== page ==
Interactionless Observability Instruments


The Substrates API has two basic categories of Instrument interfaces. The first category includes Instrument interfaces that offer a direct means of interaction by a caller, resulting in an emittance of a value, becoming an Event if Subscribers are present. An example of this type of Instrument would be the calling of the inc method on a Counter interface. With such an Instrument type, the Conduit interface is used to look up by name an instance of the Instrument before interaction. Below is an example of such.


The second type of Instrument is one with no direct means of triggering Event publishing in the interface. The interface merely distinguishes the Instrument type of the publisher, a Subject in the Substrates API. An example is the Observer interface.

Because there is no utility in looking up such an Instrument, a different means is employed in adding such Instruments into a Circuit. Instead of creating a Conduit, an Adjunct is created from a Cartridge. An Adjunct is a Component that offers access to a Source, allowing for subscribing to Events but not offering access to the Instruments that are the Subjects of the Events.

With an Adjunct, the triggering mechanism (sensor stimulus) is opaque, even though it might be sourced from a Circuit, which will be the case for an Observer as it consumes Events from other Instruments. An Adjunct Component is the means of integration with other Systems partially managed by the Substrates API, with the Component interface being an extension of the Resource interface.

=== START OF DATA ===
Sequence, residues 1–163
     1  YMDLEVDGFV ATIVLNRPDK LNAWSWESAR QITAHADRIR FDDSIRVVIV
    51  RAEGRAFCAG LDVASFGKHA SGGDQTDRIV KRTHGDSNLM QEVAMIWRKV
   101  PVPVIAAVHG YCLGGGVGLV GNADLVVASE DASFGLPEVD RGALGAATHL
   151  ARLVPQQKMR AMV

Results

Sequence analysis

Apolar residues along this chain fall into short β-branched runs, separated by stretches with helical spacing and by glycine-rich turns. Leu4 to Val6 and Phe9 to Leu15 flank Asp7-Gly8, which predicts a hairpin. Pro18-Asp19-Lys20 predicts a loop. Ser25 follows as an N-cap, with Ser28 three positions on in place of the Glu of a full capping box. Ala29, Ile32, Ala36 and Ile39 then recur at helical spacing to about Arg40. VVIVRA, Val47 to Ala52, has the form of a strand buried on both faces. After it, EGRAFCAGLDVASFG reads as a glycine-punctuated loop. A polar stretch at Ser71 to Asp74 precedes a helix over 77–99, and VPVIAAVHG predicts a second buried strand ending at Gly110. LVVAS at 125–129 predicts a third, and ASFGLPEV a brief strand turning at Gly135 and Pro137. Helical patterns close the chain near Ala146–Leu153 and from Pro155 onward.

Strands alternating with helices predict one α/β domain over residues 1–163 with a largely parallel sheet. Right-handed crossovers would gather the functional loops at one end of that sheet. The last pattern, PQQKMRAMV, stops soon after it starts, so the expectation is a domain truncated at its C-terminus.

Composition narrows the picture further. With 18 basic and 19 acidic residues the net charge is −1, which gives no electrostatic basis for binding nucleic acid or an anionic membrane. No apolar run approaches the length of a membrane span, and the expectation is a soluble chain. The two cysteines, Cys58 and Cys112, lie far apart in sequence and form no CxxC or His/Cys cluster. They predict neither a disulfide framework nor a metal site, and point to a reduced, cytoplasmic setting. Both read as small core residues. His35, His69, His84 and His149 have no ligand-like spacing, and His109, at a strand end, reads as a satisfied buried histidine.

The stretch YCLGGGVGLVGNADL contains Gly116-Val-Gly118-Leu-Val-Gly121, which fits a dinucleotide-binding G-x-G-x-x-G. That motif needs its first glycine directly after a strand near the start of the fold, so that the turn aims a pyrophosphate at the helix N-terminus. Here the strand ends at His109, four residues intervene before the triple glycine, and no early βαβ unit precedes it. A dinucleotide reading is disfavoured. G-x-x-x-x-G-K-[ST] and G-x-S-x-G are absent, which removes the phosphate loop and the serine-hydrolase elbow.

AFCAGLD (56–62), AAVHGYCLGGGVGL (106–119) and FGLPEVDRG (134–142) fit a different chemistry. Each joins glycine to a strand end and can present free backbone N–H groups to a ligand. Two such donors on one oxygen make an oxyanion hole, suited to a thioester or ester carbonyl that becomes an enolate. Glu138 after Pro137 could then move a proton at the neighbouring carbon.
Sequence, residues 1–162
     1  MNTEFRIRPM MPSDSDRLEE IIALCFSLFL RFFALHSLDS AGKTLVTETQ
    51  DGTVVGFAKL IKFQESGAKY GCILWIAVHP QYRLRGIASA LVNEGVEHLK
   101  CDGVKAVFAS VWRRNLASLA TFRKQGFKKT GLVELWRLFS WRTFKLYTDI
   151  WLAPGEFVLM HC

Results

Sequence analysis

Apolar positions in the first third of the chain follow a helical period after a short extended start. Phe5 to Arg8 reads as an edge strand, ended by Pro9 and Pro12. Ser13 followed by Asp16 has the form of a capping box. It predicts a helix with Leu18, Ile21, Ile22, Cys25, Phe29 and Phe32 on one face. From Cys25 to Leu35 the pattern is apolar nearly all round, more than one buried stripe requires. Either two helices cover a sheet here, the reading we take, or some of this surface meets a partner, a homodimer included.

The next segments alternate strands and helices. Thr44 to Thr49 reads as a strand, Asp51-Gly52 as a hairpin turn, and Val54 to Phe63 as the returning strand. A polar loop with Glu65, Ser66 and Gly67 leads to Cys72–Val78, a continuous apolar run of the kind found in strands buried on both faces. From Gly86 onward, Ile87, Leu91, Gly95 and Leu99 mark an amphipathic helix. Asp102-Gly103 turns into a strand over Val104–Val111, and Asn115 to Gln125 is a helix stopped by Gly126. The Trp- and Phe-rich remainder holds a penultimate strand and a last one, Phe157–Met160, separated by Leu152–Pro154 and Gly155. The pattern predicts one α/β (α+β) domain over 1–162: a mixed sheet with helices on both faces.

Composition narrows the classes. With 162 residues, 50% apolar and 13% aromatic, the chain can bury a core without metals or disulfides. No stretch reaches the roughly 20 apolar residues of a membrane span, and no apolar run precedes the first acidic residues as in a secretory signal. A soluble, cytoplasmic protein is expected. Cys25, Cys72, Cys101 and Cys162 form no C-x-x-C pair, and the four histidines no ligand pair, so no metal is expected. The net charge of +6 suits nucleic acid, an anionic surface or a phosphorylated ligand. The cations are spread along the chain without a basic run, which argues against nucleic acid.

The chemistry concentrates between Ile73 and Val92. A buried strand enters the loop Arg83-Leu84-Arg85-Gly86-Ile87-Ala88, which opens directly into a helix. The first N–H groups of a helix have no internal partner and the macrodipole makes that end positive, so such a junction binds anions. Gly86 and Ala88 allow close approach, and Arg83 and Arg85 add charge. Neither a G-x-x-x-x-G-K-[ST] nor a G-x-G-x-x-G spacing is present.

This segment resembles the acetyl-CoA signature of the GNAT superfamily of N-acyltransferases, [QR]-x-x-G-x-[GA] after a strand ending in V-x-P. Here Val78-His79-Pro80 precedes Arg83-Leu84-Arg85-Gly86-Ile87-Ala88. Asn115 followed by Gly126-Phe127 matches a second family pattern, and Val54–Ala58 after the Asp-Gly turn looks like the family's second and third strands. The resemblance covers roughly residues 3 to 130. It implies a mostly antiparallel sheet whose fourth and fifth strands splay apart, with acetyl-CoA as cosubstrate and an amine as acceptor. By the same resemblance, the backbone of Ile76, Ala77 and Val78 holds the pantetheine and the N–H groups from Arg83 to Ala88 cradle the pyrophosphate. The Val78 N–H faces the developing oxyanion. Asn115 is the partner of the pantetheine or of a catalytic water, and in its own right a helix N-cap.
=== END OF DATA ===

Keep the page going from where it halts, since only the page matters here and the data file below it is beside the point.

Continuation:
The following circuitry setup defines an Observer Instrument that will emit the cumulative value for value emissions from a Counter Instrument. First, a Context, which the Conduit interface extends, is passed to the Cartridge function to allow access to a Source. The Source will be used to register a Subscriber to consume Events from Counters and map them into Events emitted by Observers.

The second parameter selects the emission value, the increment, from the Event sourced from a Counter. The third parameter initializes the state maintained and published by the Observer. The final parameter is the Operant that is applied on each receipt of an Event and its selection. The value returned from the Operant function is kept in the state field across Event interceptions.


With the above circuitry code in place, all that is left to test the Event pipeline processing is to hook up an Outlet that prints the cumulative value emitted by an Observer and to create a Counter that is incremented several times, as coded below.

Running the above code, the following is printed to a terminal.

name : 1
name : 2
name : 3
name : 4
name : 5
name : 6
name : 7
name : 8
name : 9
name : 10